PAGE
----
Summer Reading Program Cancelled – Harassing phone calls likened to “bomb threats”

Having a policy for when you do and do not limit access to materials is always a good thing. This includes your book selection policy, your Internet use policy and your “when do we cancel a summer program when we’re getting harassed by people who think yoga is a religion”? I understand that dealing with a steady stream of phone calls and emails is unpleasant for the South Carolina library that cancelled its summer reading program due to this type of harassment from one local church, but I really wish they’d taken more of a stand and not likened this sort of pressure from one aggressive group as tantamount to a bomb threat.

The librarians got nervous and decided to cancel all the Thursdays.

“They were talking about picketing the library,” the library system director told a newspaper reporter.

The minister said he didn’t mean things to go that far, that he and his congregation had no problem with all the other Thursdays, only the evil tarot card one.

“We weren’t against the reading program at all,” he told the reporter. “We just want our children being taught the right things …”

8 thoughts on “Summer Reading Program Cancelled – Harassing phone calls likened to “bomb threats”

  1. I don’t know. I think it could be a reasonably savvy response: “we expect the community we serve to treat us as professionals, and our patrons as adults.”

    Look who’s gotten all defensive in that article. It’s not the library! And that’s as it should be.

  2. That’s an interesting way to look at it. I guess I saw the cancellation as affecting the kids who were not the ones complaining. Seeing it as a direct affront to the community seems like a better read on why the cancellation might be effective. I wonder if this is one of those “shot across the bow” things and they’ll work something out that is more moderate?

  3. The best thing about this is the equation of religious bullies with terrorists. From the School Library Journal article you link to:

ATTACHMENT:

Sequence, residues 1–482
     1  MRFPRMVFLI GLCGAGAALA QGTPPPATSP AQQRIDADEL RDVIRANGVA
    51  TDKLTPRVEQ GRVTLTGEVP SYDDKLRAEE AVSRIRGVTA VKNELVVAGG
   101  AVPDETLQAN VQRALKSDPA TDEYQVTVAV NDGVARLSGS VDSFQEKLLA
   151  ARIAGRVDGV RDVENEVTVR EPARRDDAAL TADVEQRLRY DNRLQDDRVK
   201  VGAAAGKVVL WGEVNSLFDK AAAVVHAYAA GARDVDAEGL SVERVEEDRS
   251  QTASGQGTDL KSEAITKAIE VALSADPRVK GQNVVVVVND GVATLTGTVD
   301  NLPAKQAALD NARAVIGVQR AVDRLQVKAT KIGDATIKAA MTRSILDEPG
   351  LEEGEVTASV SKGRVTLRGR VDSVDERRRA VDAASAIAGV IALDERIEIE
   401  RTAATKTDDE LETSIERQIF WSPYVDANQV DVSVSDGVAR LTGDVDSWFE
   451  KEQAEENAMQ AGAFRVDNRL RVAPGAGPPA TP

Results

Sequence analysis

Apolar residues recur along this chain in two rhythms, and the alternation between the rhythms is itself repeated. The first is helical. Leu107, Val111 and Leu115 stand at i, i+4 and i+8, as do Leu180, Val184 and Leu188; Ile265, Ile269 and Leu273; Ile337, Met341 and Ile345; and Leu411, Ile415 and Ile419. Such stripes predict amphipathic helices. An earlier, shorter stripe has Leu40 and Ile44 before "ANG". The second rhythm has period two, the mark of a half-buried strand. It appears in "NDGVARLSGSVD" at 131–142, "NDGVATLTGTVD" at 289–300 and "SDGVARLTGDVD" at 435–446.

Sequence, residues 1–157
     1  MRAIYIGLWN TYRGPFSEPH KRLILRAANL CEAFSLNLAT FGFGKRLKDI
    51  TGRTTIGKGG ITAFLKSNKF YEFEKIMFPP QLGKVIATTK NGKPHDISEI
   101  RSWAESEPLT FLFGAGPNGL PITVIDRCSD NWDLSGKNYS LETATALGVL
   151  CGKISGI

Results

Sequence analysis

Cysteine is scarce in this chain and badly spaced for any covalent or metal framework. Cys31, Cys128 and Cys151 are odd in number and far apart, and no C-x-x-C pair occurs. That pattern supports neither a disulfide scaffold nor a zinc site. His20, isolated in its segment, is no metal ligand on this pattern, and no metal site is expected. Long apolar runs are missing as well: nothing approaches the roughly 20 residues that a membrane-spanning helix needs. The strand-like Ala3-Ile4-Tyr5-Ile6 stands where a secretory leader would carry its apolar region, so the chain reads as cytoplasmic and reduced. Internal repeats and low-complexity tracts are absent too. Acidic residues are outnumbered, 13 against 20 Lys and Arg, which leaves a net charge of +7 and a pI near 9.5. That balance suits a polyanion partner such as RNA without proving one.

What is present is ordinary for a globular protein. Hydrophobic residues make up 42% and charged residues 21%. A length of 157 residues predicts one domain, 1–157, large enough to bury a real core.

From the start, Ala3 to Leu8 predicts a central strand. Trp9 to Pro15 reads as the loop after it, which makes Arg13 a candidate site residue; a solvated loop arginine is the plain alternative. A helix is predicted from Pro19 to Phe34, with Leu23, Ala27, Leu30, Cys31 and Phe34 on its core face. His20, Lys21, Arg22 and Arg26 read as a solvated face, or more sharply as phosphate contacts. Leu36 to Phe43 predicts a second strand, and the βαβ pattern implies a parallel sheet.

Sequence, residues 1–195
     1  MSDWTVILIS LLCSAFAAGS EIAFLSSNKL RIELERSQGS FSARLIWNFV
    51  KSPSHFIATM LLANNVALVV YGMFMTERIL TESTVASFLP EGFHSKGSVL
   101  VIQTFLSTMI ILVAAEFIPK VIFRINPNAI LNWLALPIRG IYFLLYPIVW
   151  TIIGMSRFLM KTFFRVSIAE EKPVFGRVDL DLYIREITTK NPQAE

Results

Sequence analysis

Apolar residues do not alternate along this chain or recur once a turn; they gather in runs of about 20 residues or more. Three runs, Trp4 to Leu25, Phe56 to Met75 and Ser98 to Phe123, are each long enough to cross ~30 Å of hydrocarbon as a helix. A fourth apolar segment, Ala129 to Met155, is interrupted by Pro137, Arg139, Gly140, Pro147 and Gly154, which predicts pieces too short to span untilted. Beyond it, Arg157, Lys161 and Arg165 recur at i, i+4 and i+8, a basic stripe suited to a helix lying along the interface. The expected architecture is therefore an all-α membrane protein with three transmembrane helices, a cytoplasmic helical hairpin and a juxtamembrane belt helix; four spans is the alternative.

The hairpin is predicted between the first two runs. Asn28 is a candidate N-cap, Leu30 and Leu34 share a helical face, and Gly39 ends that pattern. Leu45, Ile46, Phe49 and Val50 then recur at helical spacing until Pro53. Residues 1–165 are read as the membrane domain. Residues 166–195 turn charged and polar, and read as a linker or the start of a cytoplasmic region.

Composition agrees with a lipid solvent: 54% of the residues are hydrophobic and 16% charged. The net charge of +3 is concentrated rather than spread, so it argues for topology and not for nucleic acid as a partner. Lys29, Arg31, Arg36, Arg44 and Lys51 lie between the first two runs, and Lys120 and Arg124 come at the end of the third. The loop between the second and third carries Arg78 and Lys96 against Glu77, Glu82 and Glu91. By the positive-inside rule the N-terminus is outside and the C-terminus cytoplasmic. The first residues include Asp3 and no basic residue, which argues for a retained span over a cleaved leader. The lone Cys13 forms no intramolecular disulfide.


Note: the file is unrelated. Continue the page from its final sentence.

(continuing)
“If you have an anonymous call of a bomb, what do you do?” asks Library Director Marguerite Keenan, explaining her decision to cancel the YA programs. “You clear the building, you close the building for the protection of the children. And that’s hugely sad.”

  4. the thing about the cancelling of the south carolinia program, is that these people have a real threat for some kind of disruption, including boycotts, losing government support, and phyiscal violence.

  5. I do not have religious objections to Tarot reading myself, but as a Tarot player, I am disappointed at what appear to be one-sided presentations of Tarot cards only in terms of divination.

    Tarot cards, according to playing card historians, were not originally designed for fortune telling. They were created for playing a type of card game similar to Whist. Tarot card games are still played today in France, Austria, Italy, and Switzerland. There also appears to be a small but growing number of players outside Europe.

    If public educational institutions foster the notion that Tarot is only about divination and the occult, then they are not doing the job for which we pay them.

    I think that taxpayer funded institutions such as public libraries and public schools which are designed to educate the public should give equal time to the card playing aspects of Tarot. Tarot is often presented in this country only as something to accept or reject in terms of its alleged accuracy in predicting the future. When other options such as card playing are being supressed, one is not actually free in how one views or uses the cards.

    I must ask why must all presentations of Tarot in this country have to be occult related? Why do we not expose the young people to actual card games played with Tarot decks? Teens should be aware that Tarot cards are not just used for the occult or for divination. We should teach teenagers the rules for Tarot card games too. It is highly possible that young people may come to prefer the card games over the divination practices. They should be given an informed choice. We should educate young people about all aspects of culture including Tarot and not present one sided depictions of these matters.

    I do not wish for these Tarot presentations to be banned or cancelled as they have in some parts of the country, but I do think they should be more balanced by including some information regarding Tarot’s role in the history of card games.

  6. James D. Wickson, have you volunteered at your local library or anywhere else to teach people how to play Tarot?

  7. Interesting you should bring that up, Karen. I am in fact in the process of making plans to form a Tarot/Tarock gaming group here in Las Vegas.

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